August 25, 1997
Volume 50, No. 1
Before passage of the recent federal tax bill, many in higher education worried about a possible extra tax burden for parents, graduate students and members of TIAA-CREF. However, a little-publicized repeal of a federally imposed debt limit for nonprofit organizations in that same legislative package has benefited Emory greatly as the University moved to issue bonds this summer for capital projects.
"The tax bill removed an artificial cap of $150 million that had been imposed on private colleges-not public-in the amount of debt that could be issued as tax exempt," said Frank Huff, vice president and treasurer. "And we were, in fact, the first private university in the country to take advantage of the change in the tax law because we were going to market the week in which the reconciliation was reached between Congress and the President, and the President signed the tax bill."
Emory originally planned to issue $20.6 million in 30-year, taxable bonds in July. Instead, the University was able to divert some $13.3 million of that amount to tax-exempt bonds that it plans to issue sometime next month. The remaining $7.3 million had to stay in taxable bonds because the projects it funded, including the renovation of the Performing Arts Center and the installation of air conditioning in every dorm, had already been completed, said Huff. "It was just a matter of timing," he explained. "We'd already spent the money, and you can only use the tax-exempt [bonds] going forward-only money that you have not spent."
The new tax-exempt bonds, series 1997C, will be used to partially fund the new Vaccine Research Center and some new clinic equipment.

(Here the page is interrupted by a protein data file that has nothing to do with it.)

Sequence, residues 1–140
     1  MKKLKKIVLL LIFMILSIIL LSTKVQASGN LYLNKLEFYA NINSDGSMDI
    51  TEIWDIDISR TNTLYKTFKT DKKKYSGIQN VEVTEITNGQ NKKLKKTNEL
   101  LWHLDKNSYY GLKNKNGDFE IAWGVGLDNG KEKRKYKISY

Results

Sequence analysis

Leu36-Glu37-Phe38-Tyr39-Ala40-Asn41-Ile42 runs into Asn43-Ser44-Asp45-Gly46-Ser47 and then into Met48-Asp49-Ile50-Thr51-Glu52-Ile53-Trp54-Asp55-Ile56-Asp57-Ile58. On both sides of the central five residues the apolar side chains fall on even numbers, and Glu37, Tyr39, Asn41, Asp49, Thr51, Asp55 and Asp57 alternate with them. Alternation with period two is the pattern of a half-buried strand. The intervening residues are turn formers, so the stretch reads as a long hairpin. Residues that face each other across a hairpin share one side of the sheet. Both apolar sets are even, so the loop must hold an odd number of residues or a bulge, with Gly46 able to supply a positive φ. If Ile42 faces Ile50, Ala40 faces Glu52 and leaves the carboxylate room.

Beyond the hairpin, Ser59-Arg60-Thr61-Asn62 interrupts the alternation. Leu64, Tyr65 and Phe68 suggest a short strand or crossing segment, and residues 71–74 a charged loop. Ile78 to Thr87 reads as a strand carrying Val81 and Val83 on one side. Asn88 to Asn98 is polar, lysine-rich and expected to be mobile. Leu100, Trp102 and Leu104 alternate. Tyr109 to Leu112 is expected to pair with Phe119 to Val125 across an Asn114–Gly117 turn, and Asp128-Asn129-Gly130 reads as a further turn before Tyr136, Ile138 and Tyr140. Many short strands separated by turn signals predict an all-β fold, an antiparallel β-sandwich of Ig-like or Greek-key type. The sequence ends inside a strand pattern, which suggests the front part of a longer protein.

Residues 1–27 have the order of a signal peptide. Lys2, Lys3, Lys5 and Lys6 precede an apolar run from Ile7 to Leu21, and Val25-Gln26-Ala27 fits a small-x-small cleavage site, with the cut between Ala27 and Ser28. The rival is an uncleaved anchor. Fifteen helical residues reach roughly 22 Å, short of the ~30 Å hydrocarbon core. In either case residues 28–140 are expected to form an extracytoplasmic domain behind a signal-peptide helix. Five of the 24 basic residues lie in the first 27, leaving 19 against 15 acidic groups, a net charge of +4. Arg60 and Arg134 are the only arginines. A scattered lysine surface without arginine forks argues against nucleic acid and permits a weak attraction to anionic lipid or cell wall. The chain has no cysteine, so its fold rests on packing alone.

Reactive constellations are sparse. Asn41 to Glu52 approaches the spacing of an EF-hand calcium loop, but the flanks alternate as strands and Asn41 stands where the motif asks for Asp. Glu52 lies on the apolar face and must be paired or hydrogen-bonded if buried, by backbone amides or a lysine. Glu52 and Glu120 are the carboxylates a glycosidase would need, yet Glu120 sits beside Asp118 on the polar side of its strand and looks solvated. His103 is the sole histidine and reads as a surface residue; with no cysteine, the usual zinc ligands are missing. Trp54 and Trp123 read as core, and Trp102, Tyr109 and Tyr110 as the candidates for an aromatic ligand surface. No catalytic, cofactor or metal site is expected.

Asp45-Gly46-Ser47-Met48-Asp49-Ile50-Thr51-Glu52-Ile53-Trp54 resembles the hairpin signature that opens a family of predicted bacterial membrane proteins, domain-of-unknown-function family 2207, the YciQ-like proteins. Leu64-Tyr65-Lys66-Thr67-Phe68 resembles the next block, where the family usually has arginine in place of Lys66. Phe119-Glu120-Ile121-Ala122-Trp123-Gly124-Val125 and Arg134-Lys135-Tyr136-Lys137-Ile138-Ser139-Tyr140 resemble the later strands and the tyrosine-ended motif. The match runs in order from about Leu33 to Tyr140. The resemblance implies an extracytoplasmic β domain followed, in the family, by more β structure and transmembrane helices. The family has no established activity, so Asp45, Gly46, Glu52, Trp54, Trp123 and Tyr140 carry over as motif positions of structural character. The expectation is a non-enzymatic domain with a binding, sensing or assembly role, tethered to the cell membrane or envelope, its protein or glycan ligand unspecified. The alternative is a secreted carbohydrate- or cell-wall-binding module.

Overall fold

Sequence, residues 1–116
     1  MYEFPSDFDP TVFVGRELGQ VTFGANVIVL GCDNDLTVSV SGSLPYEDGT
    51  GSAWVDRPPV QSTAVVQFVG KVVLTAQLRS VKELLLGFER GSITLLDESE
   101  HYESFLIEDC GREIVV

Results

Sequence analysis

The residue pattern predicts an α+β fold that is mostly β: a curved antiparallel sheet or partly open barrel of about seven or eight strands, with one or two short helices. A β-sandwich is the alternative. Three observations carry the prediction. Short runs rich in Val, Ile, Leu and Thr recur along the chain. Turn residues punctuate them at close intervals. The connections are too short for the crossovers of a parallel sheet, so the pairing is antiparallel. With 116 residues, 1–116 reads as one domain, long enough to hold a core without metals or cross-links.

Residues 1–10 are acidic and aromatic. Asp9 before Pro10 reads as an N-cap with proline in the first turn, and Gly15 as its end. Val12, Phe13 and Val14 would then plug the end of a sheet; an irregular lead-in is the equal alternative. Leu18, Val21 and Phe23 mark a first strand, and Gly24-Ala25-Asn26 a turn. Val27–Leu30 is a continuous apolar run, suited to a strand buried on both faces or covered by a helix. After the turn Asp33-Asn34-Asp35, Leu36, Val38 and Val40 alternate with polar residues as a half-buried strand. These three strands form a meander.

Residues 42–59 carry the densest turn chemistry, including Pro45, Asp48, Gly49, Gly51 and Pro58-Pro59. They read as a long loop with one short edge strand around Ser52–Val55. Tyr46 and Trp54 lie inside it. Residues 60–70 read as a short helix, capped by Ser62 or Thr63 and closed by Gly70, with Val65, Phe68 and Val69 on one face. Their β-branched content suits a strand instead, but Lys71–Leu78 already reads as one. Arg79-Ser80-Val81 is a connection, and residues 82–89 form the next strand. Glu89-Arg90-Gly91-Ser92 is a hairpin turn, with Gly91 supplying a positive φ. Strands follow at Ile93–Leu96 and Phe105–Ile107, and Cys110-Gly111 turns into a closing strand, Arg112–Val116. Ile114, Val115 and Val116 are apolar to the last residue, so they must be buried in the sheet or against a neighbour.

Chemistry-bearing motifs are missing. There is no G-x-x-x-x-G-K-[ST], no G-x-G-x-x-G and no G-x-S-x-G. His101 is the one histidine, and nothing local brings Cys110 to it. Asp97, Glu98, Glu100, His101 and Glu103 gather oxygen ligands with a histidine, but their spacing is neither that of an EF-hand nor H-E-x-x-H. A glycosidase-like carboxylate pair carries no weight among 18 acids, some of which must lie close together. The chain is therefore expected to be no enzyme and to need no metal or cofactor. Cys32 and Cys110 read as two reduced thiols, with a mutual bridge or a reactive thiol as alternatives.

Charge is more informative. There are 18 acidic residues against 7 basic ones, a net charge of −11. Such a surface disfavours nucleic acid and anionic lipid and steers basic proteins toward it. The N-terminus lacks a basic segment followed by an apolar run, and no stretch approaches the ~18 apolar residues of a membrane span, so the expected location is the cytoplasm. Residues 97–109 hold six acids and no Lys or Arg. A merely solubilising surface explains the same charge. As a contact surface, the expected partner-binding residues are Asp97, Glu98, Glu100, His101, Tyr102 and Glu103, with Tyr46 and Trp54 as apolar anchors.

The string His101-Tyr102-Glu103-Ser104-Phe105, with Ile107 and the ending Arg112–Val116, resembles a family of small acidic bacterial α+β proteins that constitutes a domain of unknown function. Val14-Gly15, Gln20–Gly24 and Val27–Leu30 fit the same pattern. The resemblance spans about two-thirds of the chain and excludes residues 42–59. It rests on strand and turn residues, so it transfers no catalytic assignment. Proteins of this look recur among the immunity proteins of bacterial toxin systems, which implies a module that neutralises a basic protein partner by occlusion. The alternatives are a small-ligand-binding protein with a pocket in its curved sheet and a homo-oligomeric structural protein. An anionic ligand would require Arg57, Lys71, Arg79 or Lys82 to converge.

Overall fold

Emory can lower its borrowing costs significantly by issuing tax-exempt bonds. The difference between taxable and tax-exempt bonds is generally about 200 basis points, or 2 percent, said Huff. "If you think about it in the context of having a home mortgage," he explained, "you might have to pay 7.5 percent [interest] if you went out into the market today. But if you were paying a tax-exempt rate, you'd probably pay about 5.5 percent."
While some industry analysts are worried that removing the debt limit could hurt the credit rating and financial outlook for some universities, Emory is in good standing. The University's strong fiscal management has earned it a double-'A'/'A-1'-plus rating from Standard & Poor's and a similar rating from Moody's Investors Services.
What's more, the outlook on Emory's debt recently was upgraded from stable to positive. "That didn't change the rating," Huff said, "but it suggests that in the future, if everything continues well, they might raise our rating one more time, which would put us in the very top." The reasons Emory is not in that upper tier has nothing to do with its financial health, Huff explained. "It has to do with our selectivity. In other words, we don't turn down eight out of ten students who apply, as Harvard and Yale do."
Still, Emory's current credit rating puts the University in good stead when it comes to issuing bonds. "Bondholders are willing to accept a lower interest rate for something that's higher in quality," said Huff.
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